FIG. 4 is a view of the FIG. 2 wafer fragment at a processing step subsequent to that of FIG. 3.
FIG. 5 is a view of the FIG. 2 wafer fragment at a processing step subsequent to that of FIG. 4.
FIG. 6 is a diagrammatic, cross-sectional, schematic view of a reaction chamber which can be utilized in methods of the present invention.
This disclosure of the invention is submitted in furtherance of the constitutional purposes of the U.S. Patent Laws “to promote the progress of science and useful arts” (Article 1, Section 8).
FIG. 2 illustrates a semiconductive wafer fragment 50 at a preliminary processing step of an embodiment of the present invention. Wafer fragment 50 comprises a substrate 52, a gate dielectric layer 54, a polysilicon layer 56, and a silicide layer 58. Substrate 52, gate dielectric layer 54, polysilicon layer 56, and silicide layer 58 can comprise materials identical to those utilized in the prior art construction of FIG. 1 for substrate 12, gate dielectric layer 14, polysilicon layer 16 and silicide layer 18, respectively.
A DARC material layer 60 is formed over silicide layer 58. In contrast to prior art methods, DARC material 60 is formed using high density plasma deposition. Such deposition can occur within a reaction chamber. To aid in interpretation of the claims that follow, a “high density plasma” is defined as a plasma having a density of greater than or equal to 1010 ions/cm3. The portion of wafer fragment 50 upon which layer 60 is deposited is preferably maintained at a temperature of from about 300° C. to about 800° C. during the deposition, with about 600° C. one preferred example. The temperature of wafer fragment 50 can be controlled by flowing helium against a backside of the wafer during the deposition to cool the wafer. At higher temperatures a denser layer 60 can be formed. Such denser layer 60 can be more stable to anneal conditions than a less dense layer 60. A preferred pressure range within a reaction chamber during deposition of layer 60 is from about 1 mTorr to 100 mTorr. Feed gases utilized in the high density plasma deposition can comprise SiH4, N2, O2 and argon.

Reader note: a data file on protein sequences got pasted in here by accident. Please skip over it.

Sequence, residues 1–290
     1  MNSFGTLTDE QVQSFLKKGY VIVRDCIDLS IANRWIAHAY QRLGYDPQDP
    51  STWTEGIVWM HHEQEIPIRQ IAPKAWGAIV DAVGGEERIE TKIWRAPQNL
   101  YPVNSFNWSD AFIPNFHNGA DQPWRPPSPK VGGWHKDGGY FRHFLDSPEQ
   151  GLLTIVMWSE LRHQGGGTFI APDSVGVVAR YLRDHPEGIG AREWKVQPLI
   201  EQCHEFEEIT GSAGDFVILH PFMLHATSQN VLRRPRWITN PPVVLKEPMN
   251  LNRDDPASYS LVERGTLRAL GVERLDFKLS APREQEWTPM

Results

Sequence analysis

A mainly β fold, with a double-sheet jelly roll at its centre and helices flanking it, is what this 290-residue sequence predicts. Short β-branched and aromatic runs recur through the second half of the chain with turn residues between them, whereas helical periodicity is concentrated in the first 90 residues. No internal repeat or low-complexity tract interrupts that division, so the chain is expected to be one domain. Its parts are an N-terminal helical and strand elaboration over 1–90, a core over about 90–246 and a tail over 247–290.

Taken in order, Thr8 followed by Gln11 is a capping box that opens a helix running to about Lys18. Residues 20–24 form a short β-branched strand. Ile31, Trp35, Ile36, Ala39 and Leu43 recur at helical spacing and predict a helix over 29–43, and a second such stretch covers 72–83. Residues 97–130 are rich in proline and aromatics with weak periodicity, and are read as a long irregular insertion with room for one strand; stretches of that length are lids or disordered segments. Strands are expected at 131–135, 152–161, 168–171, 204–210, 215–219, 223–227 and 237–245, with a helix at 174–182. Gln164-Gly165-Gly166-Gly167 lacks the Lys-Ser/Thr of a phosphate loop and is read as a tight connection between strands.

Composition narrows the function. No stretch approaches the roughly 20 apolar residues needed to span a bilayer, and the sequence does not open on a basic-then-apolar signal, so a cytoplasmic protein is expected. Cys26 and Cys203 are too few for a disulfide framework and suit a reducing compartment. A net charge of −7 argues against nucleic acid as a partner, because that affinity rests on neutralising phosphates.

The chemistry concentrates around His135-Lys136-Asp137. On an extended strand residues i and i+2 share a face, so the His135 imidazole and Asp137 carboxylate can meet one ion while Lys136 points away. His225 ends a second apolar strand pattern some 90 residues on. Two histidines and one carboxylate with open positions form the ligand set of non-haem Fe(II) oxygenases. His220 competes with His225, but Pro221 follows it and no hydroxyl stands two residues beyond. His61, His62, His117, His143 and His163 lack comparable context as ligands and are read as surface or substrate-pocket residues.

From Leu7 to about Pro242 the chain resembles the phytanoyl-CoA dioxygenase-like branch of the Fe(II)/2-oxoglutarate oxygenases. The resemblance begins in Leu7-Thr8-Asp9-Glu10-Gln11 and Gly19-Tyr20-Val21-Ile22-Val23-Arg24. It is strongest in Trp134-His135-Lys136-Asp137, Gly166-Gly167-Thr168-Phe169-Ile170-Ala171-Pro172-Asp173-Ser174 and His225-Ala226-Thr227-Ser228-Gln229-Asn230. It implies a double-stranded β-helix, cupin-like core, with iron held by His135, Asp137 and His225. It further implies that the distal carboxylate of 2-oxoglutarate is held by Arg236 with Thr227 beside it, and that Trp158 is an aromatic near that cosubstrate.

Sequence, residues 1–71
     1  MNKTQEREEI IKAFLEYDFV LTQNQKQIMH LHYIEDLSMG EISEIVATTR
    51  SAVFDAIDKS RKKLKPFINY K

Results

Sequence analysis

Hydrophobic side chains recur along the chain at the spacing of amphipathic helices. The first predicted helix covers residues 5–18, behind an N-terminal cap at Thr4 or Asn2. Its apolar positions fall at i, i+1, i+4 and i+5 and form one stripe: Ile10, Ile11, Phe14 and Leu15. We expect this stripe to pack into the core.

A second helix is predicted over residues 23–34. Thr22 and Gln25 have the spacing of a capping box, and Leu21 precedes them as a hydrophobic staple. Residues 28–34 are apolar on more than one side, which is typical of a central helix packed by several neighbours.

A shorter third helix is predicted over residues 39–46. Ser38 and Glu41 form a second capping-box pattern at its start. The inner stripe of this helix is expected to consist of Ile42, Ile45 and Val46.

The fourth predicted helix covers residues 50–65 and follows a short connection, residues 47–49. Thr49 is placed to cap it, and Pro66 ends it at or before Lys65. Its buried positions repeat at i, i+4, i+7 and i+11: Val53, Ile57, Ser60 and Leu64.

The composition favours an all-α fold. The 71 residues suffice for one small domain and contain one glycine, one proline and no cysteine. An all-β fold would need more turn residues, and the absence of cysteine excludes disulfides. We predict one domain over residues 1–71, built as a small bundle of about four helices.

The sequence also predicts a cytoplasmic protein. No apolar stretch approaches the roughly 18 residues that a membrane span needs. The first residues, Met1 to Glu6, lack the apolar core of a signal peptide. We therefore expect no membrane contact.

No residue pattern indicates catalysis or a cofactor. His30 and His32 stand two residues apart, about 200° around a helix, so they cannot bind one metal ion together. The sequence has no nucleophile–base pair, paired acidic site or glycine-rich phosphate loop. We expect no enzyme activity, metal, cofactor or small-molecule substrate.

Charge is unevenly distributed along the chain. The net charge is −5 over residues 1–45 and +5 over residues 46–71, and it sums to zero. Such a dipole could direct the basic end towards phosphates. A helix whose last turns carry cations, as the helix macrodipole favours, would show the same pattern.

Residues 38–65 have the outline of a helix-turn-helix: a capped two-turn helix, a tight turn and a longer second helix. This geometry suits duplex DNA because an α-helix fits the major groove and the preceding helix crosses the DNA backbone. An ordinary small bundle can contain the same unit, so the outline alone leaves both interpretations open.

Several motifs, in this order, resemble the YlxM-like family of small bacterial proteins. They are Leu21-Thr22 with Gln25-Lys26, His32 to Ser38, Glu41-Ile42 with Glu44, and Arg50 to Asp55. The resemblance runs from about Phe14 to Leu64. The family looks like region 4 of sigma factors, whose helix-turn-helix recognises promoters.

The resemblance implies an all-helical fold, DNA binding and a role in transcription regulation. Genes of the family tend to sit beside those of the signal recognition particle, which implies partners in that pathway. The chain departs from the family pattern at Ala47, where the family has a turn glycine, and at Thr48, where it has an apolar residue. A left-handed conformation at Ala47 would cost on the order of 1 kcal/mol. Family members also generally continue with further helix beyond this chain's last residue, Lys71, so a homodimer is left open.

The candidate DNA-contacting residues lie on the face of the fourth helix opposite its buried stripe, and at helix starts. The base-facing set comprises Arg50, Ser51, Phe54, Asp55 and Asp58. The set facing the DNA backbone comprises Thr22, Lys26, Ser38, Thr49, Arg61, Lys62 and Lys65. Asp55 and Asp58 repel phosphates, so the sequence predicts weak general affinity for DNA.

An exemplary reaction chamber that can be utilized in a method of the present invention is shown schematically in FIG. 6 as part of a reactor 100. Reactor 100 comprises coils 102 connected to a power source 104. Coils 102 surround a reaction chamber 106 and are configured to generate a plasma within chamber 106. A wafer holder (chuck) 108 is provided within chamber 106, and holds a semiconductive wafer 110. Wafer holder 108 is electrically coupled to a power source 112. It is noted that power sources 104 and 112 can be separate power sources, or can comprise separate feeds originating from a single power source. The power from source 104 can be, for example, about 2000 watts and can comprise a frequency of about 13.6 megahertz. The power to wafer 110 from source 112 is preferably biased to less than or equal to about 200 watts and more preferably biased to about 100 watts. In practice, the bias power is typically measured at a chuck 108 holding wafer 110, rather than at wafer 110 itself.